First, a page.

Commercial solar self-consumption pays off

3/28/19, 11:05 AM -

Seven questions about commercial solar self-consumption to Michael Vogtmann, Chief Executive of the Franconian Section of the German Solar Energy Society (DGS).

In countries with high electricity prices commercial PV self-consumption is economical.
In countries with high electricity PV self-consumption is economical for businesses.

Mr. Vogtmann, what attracts companies to install photovoltaics on their rooftops?

In spite of the cuts in subsidies, the return on equity exceeds ten percent by far, and equity rations are 20 to 30 percent. This means businesses enjoy acceptable energy payback times of around only five years. At six to nine cents per kilowatt hour for commercial installations with an output between 30 and 740 kilowatts, power generation costs are unrivalled.

How much self-consumption can businesses expect?

Depending on the demand load profile, suitably adapted, small photovoltaic installations can cover 80 to 100 percent of a company’s demand. It would make much more sense, though, to cover the whole roof with PV modules. This could help protect the climate, keep electricity costs down and produce more solar power to cover increased demand in the future, for example for electric vehicle fleets, heat pump-based power-to-heat systems or energy storage for capping peak load. What I recommend is this: completely cover the roof, starting with a self-consumption rate of maybe 30 to 50 percent. After a few years this can be increased to over 50 percent, and up to 100 percent if you have a storage system.

How can you optimize self-consumption?

Active load shifting is required, with labelling of periods with low energy demand, PV-powered machines and automatic energy management systems. Of course, storage for increased self-consumption or capping peak loads is also needed.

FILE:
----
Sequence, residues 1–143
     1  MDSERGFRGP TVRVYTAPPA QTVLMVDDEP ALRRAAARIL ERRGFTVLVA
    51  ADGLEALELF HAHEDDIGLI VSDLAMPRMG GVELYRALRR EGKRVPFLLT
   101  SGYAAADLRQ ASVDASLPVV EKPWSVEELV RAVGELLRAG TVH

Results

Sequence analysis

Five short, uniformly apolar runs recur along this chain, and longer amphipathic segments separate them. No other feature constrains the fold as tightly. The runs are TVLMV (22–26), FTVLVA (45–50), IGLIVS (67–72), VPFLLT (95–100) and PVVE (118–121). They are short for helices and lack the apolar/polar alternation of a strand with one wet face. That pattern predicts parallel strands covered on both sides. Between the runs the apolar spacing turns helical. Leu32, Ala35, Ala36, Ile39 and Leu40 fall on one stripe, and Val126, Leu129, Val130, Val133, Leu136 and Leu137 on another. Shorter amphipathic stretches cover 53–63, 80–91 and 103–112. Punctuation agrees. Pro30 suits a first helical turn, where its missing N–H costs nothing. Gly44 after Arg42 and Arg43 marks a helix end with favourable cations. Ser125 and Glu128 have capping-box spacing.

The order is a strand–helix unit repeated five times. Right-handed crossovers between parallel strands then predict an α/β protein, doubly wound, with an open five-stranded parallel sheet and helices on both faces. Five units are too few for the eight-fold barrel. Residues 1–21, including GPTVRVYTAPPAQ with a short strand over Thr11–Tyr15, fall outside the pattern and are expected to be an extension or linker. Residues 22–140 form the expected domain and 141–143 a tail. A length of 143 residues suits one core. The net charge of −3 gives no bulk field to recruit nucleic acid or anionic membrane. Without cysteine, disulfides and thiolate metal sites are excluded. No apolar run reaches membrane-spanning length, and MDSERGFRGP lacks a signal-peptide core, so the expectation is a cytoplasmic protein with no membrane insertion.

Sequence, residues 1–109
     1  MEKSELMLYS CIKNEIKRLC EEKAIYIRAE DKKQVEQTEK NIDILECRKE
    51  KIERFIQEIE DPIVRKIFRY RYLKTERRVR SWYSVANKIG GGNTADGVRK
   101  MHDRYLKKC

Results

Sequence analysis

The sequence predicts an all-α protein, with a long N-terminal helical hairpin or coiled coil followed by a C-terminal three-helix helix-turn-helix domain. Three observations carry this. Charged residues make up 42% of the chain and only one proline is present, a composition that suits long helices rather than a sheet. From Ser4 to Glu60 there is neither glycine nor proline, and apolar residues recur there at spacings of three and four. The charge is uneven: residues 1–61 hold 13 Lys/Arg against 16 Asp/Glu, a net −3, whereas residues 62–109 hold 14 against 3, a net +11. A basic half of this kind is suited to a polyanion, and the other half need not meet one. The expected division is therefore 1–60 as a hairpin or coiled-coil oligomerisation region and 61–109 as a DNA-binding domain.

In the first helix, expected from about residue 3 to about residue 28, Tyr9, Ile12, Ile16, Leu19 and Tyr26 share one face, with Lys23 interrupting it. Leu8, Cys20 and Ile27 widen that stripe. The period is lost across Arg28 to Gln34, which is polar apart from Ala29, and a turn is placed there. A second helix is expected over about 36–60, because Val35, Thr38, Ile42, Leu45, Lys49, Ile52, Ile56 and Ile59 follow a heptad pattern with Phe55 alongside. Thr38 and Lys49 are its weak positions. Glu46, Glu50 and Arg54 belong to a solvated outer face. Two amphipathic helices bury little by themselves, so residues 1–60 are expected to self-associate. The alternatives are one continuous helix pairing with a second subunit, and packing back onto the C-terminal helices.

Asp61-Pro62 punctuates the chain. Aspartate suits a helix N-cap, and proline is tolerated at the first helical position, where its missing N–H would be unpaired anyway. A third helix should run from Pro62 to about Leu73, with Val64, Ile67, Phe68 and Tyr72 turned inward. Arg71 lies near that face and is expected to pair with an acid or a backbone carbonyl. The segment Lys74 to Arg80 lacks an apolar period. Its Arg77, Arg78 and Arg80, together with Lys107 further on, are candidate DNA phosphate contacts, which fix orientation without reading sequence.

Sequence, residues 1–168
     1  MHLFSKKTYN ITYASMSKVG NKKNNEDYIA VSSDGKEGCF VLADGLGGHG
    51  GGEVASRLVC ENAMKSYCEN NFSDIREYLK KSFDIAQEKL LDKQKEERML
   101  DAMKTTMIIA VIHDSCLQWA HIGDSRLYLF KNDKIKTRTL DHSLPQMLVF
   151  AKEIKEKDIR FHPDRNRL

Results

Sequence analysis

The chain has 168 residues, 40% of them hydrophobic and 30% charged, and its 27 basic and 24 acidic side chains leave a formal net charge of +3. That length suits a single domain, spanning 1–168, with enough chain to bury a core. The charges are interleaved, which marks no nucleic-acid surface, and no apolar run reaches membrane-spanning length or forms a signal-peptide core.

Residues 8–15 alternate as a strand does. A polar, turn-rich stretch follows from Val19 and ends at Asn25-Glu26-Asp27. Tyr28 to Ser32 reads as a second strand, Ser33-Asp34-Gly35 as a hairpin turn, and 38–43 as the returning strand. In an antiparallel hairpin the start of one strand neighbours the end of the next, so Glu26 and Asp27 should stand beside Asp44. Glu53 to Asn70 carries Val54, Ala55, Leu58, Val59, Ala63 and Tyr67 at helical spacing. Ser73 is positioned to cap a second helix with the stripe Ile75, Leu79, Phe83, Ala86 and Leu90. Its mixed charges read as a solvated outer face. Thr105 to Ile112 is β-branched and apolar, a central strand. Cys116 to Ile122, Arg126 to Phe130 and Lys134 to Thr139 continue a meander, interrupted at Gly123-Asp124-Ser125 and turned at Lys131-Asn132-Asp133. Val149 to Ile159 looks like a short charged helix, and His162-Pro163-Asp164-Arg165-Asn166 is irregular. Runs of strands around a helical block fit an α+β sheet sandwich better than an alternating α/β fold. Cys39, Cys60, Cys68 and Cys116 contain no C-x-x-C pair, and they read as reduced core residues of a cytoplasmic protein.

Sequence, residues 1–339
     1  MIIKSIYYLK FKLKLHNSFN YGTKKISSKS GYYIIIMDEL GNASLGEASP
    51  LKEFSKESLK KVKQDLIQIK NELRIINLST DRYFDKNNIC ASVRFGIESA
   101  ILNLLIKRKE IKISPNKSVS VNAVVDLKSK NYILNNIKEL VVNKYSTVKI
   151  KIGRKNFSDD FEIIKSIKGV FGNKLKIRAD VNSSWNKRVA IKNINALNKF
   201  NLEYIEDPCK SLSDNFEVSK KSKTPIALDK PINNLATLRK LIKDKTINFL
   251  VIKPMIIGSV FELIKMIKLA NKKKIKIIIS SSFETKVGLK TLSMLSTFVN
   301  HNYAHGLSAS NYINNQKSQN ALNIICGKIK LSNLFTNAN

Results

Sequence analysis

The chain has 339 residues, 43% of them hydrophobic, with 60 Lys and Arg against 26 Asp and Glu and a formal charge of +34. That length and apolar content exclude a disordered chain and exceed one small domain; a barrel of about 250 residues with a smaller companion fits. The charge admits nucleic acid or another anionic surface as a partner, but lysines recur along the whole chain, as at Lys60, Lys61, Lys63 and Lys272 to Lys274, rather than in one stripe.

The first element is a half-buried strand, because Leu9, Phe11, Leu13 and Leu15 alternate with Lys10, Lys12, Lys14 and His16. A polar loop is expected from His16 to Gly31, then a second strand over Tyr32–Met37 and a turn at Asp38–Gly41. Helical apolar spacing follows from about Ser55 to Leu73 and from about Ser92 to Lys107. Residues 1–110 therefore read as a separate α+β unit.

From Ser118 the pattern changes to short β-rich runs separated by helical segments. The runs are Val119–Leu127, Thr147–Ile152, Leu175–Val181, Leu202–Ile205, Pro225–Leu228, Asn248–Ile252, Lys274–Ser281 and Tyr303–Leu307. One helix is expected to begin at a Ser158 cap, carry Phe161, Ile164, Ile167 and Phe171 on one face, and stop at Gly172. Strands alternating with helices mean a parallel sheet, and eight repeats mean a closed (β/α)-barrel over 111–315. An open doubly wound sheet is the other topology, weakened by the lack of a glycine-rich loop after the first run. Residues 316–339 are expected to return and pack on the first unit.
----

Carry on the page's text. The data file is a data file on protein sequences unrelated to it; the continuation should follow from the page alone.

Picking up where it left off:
What developments have there been recently?

We have seen some outstanding case studies, particularly from storage industry pioneers Fenecon and Tesvolt.

What kind of roof surfaces are suitable for photovoltaics?

Any roof surface angled in any direction is suitable, because such installations match the daily load demand profile brilliantly. Of course, lightning and fire protection equipment, heat and smoke vents as well as anchor points roofs must always be installed. Potential roof renovations should also be considered during planning, of course.

What should companies pay particular attention to when planning and installing photovoltaics?

It is very important to ensure that the operating/consumption concept is implemented properly. If it can’t be guaranteed that the plant operator and the final consumer of the electricity will be the same person, profitability must be verified on the basis of the latest, strict regulations. This includes checking that the statutory EEG levy, or a mixture of reduced EEG levy and full EEG levy, apply. At DGS Franconia, we provide a customized profitability tool for all variations of EEG levies with our pv@now manager. For example, if a managing director of a limited company wants to implement their personal “PV-tax-saving-scheme-project” on the company roof, the planner must know that they are dealing with a solar power supply to third parties. This means that the full EEG levy is applied to the directly consumed solar power. One possible way around this problem could be that the limited company rents the photovoltaic installation from an investors or the managing director because this would be considered self-supply. DGS Franconia provides a PV rent and yield contract template, which can be found at www.dgs-franken.de/bestellungen. If the self-supplier does not want to take any risks, the consumption of long-term third party consumers such as canteens, parcel processing stations or shop-in-shop systems has to be measured, invoiced and applied to the EEG levy.

What is the long-term prospect for PV on commercial rooftops?

In the mid-term, PV storage systems in commercial buildings will become an increasingly important element in the energy supply for entire neighborhoods with electricity from photovoltaics and co-generation. For this to happen, electricity legislation and regulations have to become better aligned with one another and a CO2  charge has to be introduced. By then, business models such as semi-public electric car charging stations, affordable regional green power that is sold to neighboring businesses and other electricity consumers through blockchain technology will be common practice. (HCN)

The interview was conducted by experts from Intersolar Europe.

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